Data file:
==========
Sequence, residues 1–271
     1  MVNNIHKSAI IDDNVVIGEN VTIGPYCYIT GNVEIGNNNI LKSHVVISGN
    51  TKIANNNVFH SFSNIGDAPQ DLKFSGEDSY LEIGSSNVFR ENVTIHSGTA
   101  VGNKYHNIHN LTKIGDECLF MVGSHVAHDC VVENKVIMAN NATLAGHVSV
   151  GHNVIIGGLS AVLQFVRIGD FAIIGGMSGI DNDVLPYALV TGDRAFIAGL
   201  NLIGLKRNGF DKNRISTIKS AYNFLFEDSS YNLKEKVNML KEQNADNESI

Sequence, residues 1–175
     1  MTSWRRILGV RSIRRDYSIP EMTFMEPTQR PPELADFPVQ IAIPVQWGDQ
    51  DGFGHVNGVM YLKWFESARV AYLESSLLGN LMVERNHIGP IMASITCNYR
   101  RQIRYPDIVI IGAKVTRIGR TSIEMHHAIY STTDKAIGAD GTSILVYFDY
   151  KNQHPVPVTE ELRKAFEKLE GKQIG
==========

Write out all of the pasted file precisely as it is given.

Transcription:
Sequence, residues 1–271
     1  MVNNIHKSAI IDDNVVIGEN VTIGPYCYIT GNVEIGNNNI LKSHVVISGN
    51  TKIANNNVFH SFSNIGDAPQ DLKFSGEDSY LEIGSSNVFR ENVTIHSGTA
   101  VGNKYHNIHN LTKIGDECLF MVGSHVAHDC VVENKVIMAN NATLAGHVSV
   151  GHNVIIGGLS AVLQFVRIGD FAIIGGMSGI DNDVLPYALV TGDRAFIAGL
   201  NLIGLKRNGF DKNRISTIKS AYNFLFEDSS YNLKEKVNML KEQNADNESI

Sequence, residues 1–175
     1  MTSWRRILGV RSIRRDYSIP EMTFMEPTQR PPELADFPVQ IAIPVQWGDQ
    51  DGFGHVNGVM YLKWFESARV AYLESSLLGN LMVERNHIGP IMASITCNYR
   101  RQIRYPDIVI IGAKVTRIGR TSIEMHHAIY STTDKAIGAD GTSILVYFDY
   151  KNQHPVPVTE ELRKAFEKLE GKQIG